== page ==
President Obama cast himself much as he did in 2008—as an above-the-fray reform candidate—in a pre-taped interview that aired on NBC's Today on Monday morning, arguing that he still needs time to enact the change he promised and will continue the work of his first term if reelected.
"One of the things about being president, is you get better as time goes on," Obama told NBC's Matt Lauer.
Obama touted the accomplishments of his administration in the face of a gridlocked Congress—saving the auto industry, ending the Iraq war on schedule, ending “Don’t Ask, Don’t Tell,” and stabilizing a sinking economy—and suggested that better times are ahead.
At the same time, he dismissed concerns that his supporters are disappointed.
“I think this is the nature of being president. What’s disappointed people is that I haven’t been able to force Congress to implement everything I said in 2008,” he said. “What we have been able to do is move in the right direction.”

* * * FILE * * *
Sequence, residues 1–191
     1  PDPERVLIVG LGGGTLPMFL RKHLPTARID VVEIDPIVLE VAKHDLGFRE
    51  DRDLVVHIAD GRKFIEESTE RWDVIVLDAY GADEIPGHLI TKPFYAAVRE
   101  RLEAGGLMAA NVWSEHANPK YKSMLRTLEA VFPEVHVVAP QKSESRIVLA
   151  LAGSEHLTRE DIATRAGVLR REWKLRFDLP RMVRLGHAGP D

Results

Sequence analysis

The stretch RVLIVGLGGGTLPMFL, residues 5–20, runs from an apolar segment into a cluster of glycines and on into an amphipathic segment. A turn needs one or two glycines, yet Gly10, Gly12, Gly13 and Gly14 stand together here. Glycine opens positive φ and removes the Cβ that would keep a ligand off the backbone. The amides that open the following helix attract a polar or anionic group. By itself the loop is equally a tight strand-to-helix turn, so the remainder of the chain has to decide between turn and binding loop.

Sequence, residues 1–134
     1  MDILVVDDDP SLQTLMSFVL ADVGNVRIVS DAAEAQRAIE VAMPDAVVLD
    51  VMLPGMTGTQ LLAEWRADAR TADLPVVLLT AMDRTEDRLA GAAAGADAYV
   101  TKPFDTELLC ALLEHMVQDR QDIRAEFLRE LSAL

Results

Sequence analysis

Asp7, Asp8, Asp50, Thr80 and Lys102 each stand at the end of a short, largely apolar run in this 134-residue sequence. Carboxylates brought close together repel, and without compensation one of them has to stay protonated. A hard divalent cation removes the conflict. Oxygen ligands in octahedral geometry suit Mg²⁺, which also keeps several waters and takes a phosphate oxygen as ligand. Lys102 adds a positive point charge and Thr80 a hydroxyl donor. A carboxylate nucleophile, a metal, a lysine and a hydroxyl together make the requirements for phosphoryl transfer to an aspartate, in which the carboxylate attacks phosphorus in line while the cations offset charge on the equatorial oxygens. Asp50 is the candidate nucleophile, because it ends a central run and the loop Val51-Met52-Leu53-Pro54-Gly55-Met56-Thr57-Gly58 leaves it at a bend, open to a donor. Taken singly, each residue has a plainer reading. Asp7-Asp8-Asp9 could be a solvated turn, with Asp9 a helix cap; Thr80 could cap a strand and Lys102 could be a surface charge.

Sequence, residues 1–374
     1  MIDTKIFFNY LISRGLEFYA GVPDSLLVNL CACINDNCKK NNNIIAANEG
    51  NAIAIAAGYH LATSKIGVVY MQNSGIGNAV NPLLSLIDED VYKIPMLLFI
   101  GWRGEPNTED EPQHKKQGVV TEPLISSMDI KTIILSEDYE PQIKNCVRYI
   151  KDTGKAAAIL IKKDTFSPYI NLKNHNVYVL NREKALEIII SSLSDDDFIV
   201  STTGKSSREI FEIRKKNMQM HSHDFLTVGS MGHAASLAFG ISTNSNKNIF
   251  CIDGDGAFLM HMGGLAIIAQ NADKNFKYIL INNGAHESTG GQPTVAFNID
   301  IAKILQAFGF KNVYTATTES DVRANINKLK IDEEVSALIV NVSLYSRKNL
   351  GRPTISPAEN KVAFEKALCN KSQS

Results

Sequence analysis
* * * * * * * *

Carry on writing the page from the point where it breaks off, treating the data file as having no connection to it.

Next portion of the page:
Obama also expressed distaste over so-called “super PACs” and the role they have played in this year’s election, but suggested that the “big money” in politics these days will make it hard to run an entirely positive campaign.
However, he said, a vision for the future is key to winning the election.
“You have to explain to the people what your plan is to make sure they have good jobs at good wages, and the economy is growing over the long term,” Obama said. “Whoever wins that argument, I think will be the next president.”